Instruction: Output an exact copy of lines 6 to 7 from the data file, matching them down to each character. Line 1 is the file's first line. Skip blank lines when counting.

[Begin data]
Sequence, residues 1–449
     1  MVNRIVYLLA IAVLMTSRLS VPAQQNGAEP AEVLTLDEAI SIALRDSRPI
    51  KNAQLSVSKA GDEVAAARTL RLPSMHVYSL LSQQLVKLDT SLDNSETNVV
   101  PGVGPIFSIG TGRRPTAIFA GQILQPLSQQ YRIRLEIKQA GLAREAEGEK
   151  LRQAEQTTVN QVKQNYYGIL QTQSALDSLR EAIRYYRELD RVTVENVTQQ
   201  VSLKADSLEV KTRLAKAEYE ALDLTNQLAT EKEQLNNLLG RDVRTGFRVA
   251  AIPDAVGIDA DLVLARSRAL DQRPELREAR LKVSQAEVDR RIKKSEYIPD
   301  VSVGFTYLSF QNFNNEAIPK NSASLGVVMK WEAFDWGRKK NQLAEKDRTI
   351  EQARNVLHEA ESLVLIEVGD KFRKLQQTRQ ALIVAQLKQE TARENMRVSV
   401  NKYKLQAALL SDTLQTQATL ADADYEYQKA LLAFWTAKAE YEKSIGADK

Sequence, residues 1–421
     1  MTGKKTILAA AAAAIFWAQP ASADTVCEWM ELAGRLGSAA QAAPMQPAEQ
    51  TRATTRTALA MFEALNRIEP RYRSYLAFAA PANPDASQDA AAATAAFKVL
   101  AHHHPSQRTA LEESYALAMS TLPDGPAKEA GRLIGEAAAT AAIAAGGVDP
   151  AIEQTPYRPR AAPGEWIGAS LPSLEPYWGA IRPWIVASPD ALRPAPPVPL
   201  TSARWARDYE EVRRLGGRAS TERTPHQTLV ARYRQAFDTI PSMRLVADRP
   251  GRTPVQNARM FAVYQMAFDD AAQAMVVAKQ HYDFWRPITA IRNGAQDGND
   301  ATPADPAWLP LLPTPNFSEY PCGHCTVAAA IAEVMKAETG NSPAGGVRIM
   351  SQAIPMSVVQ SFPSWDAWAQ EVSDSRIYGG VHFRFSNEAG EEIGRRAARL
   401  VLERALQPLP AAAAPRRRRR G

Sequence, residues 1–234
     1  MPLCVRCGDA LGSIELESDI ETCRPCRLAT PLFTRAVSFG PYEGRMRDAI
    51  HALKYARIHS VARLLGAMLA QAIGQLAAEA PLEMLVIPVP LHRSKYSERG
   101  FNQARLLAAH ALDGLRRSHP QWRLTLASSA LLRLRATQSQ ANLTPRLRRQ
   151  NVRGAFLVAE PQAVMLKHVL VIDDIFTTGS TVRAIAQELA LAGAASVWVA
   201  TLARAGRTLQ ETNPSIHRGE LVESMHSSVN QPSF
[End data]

   201  VSLKADSLEV KTRLAKAEYE ALDLTNQLAT EKEQLNNLLG RDVRTGFRVA
   251  AIPDAVGIDA DLVLARSRAL DQRPELREAR LKVSQAEVDR RIKKSEYIPD